This is taking advantage of what is called the lifetime value of your customer. It is very important to understand this, because it leads you to make a lot of different decisions about your marketing.
That’s why many authors make their Kindle books free. Or at least, they make the first one free. They give away copies of the first book to pull more readers into the series.
But what’s the argument against this approach?
Let’s get the easiest answer out of the way first: if you only have one book to sell, or your book doesn’t lead into another book in the series, then making the book for free is probably not a great strategy.
Let’s also talk about one of the main objections to giving away a book for free. Some authors will tell you that it devalues your work. You put a lot of effort and time into publishing that book, and giving it away for free is an insult to the work that you’ve done.
This is what an artist thinks when they are approaching the marketing of their books. They think only of the value that they put into it, and not the value that the reader is going to see.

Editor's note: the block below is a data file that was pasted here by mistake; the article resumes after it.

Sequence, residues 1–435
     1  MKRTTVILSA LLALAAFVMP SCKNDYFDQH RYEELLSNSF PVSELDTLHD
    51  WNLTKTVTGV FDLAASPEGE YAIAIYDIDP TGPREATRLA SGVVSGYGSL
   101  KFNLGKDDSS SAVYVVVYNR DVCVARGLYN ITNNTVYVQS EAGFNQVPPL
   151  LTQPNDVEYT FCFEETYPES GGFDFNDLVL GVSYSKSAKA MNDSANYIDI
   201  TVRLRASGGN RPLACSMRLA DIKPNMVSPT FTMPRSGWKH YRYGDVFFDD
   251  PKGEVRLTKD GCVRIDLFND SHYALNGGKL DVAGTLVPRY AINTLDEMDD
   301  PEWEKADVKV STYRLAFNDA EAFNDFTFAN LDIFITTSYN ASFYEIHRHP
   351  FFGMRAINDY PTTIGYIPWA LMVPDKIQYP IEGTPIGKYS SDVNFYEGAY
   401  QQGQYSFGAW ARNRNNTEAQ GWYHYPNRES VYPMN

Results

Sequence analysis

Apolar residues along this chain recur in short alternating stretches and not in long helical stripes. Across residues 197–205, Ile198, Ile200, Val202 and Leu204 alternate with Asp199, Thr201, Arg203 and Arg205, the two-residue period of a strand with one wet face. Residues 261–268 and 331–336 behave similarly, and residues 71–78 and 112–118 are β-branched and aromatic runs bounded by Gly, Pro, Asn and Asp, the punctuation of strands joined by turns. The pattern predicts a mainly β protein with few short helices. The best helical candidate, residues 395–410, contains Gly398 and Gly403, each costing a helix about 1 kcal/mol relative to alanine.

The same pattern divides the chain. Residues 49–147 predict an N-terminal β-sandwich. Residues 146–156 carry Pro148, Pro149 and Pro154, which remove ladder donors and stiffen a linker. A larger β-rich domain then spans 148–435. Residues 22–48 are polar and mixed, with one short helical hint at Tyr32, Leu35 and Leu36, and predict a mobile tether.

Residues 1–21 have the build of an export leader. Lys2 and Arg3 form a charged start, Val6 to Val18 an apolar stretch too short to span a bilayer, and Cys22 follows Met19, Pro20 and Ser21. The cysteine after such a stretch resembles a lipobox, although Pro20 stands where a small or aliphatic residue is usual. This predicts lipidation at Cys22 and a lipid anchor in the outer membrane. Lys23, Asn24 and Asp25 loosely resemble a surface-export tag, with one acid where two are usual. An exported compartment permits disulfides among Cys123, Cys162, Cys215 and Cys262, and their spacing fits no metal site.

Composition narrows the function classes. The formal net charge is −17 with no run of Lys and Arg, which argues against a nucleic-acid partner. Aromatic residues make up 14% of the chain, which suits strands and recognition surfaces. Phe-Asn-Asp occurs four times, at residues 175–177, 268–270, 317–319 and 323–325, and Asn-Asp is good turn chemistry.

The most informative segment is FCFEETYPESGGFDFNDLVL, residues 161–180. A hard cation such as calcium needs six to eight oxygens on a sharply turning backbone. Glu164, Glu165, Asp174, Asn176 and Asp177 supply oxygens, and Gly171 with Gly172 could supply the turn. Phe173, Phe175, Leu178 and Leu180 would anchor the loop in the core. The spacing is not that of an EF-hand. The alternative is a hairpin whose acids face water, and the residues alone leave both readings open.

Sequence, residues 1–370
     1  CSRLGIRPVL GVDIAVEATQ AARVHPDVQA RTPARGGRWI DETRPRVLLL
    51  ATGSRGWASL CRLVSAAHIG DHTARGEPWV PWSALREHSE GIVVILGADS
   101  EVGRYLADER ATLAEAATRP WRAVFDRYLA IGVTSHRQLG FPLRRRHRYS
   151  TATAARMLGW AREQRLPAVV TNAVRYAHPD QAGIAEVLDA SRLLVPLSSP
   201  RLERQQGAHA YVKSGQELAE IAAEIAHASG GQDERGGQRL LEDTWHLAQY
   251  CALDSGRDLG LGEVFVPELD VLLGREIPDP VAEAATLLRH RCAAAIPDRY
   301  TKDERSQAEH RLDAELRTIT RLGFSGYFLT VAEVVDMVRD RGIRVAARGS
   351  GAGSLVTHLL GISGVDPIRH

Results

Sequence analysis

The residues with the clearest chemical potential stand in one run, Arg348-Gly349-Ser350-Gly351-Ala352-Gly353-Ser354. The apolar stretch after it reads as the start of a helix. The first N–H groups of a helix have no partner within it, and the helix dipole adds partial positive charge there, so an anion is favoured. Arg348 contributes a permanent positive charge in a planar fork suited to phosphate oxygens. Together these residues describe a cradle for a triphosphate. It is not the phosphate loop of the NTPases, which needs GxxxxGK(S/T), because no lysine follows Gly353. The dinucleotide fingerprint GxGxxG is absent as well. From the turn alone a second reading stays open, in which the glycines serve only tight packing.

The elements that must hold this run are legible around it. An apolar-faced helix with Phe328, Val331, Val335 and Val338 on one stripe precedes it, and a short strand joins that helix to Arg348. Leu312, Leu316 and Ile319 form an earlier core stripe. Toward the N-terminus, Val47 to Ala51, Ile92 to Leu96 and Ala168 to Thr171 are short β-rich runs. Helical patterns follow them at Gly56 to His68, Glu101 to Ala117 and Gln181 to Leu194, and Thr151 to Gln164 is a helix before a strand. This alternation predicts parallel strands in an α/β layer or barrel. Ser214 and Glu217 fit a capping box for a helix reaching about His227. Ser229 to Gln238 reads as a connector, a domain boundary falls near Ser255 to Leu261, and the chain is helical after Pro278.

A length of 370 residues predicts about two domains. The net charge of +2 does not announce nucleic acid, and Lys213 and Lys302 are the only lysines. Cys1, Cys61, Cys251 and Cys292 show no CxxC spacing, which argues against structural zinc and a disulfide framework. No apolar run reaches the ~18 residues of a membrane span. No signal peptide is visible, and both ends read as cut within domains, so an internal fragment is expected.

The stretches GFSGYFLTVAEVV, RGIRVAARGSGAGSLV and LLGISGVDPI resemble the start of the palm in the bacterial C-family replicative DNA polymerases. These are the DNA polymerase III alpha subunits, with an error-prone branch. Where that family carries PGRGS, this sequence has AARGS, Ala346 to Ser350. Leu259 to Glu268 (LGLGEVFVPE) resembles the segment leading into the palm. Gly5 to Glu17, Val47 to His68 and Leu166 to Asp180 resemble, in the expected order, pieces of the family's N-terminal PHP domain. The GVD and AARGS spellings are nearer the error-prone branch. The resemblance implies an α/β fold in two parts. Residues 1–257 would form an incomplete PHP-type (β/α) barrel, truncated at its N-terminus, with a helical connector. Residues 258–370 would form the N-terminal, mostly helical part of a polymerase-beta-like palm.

I would argue that this is a mistake. While you may or may not decide to make your first book for free, giving it away as part of a marketing strategy does not mean that your time and effort are worth nothing. It just means that you are taking advantage of a longer-term marketing strategy.
There is, however, a valid concern that is brought up by many authors. If you give away a book for free, that conditions your reader to expect your work for free. It devalues your work in the eyes of the reader.
There is some truth to this. If you give away your book in exchange for a person’s email address, you may just be giving them free reading material. They may never buy another thing from you.
And that’s okay.